Day 27 (40 Days of Gratitude)

(Every Friday we will feature a guest author. This week’s author is Tara Acquesta.)

 The 5 Stages of Gratitude in Times of Grief

Gratitude (def.) -the quality of being thankful; readiness to show appreciation for and to return kindness.

On Monday, November 7th, I had the honor of being asked if I would like to write an article for CYLF. I was thrilled. Not only was it an opportunity for me to write, but it would be on my favorite subject- gratitude. I couldn’t wait to get started and I, immediately, started to think of all the themes I could incorporate. How grateful I was to live in a country that would be celebrating its first woman president; so thankful to have shown the world and ourselves that we were not bullies and did not support Trump’s vision of America. And then, the election results streamed in across my computer screen. Trump had won the election. It’s fair to say, without being dramatic, that everything stopped for me. Time seemed to slow down and a tightening began to rise from my stomach into my throat. My mind was not registering it as reality. Like a skipping record I heard, “What’s happening? What’s happening? This wasn’t supposed to happen. How did this happen?” And only after a sleepless night of watching the news, receiving horror stricken phone calls from friends/family and reading reactions on social media did it sink in. And it sunk in deep… into that dark, sensitive part of your heart where you shove feelings of shame and worthlessness. The overwhelming realization that not only did Trump not value me or anything I believe in, but neither did half of my country.

And this is the backdrop I need to set for you, so that you can understand where my daily gratitude practice took me this week; through the 5 stages of grief and into what I see as the 5 stages of gratitude. Hopefully, it can help you when gratitude is hard and everything seems to go wrong.

The 5 Stages of Gratitude:

1. Denial & Isolation – (There is nothing to be grateful for in my life.)

• Gratitude is often an easy practice when you are happy, but much more difficult when you are in pain. When you are hurt deeply, whether it’s emotionally or physically, it’s easy to slip into a pessimistic mood. You don’t believe other people’s joy and you feel alone in your outlook. You deny the silver linings that may be present and reject any encouragement towards positivity. During this stage it is imperative to start small. Start with seemingly basic things in your life. If you can’t find three things to be grateful for, on a particular day, at least name one. It may seem inconsequential at the time, but small steps take you far distances over time.

2. Anger – (My kindness is seldom returned and people mistake it for weakness.)

• Being grateful and appreciative isn’t the only part of gratitude. You must also practice kindness. You want to endeavor to always return a person’s kindness towards you. You may not realize how hard it was for them to extend the effort. In our culture, kindness is often seen as vulnerability… and vulnerability, in turn, seen as a weakness. Survival, in the natural world, often depends upon being perceived as strong. So, it’s not shocking to have your kindness returned with indifference or an air of entitlement. Do not let the fear of being taken advantage of stop you from being vulnerable and kind. It’s a strength and helps you to understand others different from you, under anger.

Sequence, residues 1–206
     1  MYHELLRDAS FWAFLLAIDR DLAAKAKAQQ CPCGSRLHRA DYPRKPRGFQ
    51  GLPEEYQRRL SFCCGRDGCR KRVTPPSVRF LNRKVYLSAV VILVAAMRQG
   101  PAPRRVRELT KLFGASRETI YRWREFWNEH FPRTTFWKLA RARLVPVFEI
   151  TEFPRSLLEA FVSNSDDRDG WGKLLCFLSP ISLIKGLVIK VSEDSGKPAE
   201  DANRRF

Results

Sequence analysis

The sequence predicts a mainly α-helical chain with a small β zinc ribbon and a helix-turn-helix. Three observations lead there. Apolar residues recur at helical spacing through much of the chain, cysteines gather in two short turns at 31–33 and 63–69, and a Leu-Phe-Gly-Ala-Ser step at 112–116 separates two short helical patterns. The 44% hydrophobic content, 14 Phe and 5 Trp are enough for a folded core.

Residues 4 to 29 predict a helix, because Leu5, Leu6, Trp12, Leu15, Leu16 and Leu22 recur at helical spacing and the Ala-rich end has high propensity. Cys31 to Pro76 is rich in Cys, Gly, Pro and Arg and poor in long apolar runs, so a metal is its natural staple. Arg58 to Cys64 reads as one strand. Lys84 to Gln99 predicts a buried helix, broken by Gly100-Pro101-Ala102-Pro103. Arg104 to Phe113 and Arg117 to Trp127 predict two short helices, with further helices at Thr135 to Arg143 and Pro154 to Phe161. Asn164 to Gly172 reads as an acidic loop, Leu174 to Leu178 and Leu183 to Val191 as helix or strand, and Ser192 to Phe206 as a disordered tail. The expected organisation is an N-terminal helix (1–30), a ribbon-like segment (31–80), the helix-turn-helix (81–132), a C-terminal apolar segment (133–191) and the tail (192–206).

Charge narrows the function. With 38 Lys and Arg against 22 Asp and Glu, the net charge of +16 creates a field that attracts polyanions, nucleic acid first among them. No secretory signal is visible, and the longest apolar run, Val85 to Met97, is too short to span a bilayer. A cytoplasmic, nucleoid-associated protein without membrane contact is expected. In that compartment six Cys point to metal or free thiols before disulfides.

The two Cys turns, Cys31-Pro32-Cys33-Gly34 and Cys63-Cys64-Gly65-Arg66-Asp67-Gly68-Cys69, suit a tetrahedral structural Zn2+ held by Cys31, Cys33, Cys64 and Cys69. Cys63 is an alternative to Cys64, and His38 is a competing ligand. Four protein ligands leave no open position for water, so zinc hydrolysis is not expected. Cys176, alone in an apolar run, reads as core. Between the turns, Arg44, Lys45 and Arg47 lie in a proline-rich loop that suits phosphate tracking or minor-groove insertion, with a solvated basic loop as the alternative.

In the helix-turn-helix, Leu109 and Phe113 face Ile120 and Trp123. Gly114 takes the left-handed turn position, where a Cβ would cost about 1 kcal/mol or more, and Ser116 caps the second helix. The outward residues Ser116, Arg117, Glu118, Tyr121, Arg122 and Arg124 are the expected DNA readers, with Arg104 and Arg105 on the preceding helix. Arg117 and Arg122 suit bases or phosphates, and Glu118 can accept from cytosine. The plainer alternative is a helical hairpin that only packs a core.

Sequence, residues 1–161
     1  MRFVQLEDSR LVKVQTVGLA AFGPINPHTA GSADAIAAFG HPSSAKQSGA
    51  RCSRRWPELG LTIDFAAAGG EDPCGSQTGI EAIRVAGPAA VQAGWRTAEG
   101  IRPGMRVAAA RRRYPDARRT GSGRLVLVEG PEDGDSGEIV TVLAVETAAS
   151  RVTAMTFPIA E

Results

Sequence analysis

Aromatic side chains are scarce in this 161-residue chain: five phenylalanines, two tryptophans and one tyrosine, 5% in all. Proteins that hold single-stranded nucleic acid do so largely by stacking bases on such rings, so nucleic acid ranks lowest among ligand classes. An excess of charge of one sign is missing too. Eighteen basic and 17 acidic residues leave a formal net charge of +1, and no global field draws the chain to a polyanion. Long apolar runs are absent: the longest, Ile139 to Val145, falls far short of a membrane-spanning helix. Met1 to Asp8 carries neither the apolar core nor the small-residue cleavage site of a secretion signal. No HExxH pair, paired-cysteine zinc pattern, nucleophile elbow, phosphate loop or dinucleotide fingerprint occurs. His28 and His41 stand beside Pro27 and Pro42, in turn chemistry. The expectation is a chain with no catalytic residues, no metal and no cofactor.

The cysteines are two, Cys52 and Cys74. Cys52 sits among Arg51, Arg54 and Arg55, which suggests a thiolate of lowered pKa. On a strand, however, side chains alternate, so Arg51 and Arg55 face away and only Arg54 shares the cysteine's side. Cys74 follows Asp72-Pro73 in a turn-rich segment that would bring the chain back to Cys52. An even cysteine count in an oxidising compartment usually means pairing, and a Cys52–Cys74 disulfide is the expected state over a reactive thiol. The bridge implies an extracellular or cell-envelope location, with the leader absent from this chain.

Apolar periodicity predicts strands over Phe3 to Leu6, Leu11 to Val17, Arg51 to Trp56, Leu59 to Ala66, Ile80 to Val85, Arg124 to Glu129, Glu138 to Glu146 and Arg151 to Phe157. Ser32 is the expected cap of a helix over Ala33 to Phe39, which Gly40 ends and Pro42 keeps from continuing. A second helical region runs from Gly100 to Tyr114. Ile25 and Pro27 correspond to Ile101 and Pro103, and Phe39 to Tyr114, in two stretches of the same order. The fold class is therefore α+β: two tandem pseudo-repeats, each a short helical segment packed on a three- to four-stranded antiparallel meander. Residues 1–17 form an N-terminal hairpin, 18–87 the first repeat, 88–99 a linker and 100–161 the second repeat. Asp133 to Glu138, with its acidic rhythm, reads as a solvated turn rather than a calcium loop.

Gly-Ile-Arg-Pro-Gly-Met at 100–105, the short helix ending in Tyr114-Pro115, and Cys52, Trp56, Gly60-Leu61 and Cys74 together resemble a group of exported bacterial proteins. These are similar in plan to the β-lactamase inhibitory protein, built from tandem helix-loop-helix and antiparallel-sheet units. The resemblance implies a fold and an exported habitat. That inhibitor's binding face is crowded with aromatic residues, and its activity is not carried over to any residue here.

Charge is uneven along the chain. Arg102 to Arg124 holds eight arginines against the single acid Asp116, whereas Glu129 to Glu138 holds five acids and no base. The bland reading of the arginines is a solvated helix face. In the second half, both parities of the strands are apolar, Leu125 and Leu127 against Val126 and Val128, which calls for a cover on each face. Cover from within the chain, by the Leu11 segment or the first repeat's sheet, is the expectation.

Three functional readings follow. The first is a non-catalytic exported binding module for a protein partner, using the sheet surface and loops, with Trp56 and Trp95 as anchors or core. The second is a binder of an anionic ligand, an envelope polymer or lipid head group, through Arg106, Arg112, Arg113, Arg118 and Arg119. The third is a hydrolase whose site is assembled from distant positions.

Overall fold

3. Bargaining – (If I am a thankful person, only good things should happen.)

• Practicing gratitude is not magic. You are cultivating a way of looking at life and life is, if nothing else, unpredictable. It is not a safety measure against bad things happening and shouldn’t be used as a tool to get something in return. It’s best to let life flow, with its natural waves that lift you up and let you fall. This is where growth happens and emphasizes why you should appreciate every second. Just appreciate, give thanks and return when you can. That’s it.

4. Depression – (What’s the point of practicing gratitude anyway? Why show appreciation?)

• So, why are we even trying to cultivate gratitude in our lives? I can’t speak for everyone but I have found many benefits from practicing a grateful spirit. My thoughts feel organized. I rarely take things, people or experiences for granted. It helps me to be humble and keep my ego in check. But more than these things, I just feel happier about my life. Even in dark times I can still find some positivity. I hope you can, too.

5. Acceptance – (I can only control one thing in my life… and that’s the way I think.)

• Gratitude, in summary, comes down to one point. In a world with millions of people, and many things that are out of your control, the only thing that you truly have control over is the way you think. You can decide to focus on the negative thoughts and bad feelings or you can shine a light on the big and small things that make your unique life a miracle. Love yourself by giving thanks. Appreciate the things about yourself that you wish others would. And finally, be kind to yourself if you struggle with negative thoughts. It’s normal and natural. It’s all a part of the gratitude practice and life.

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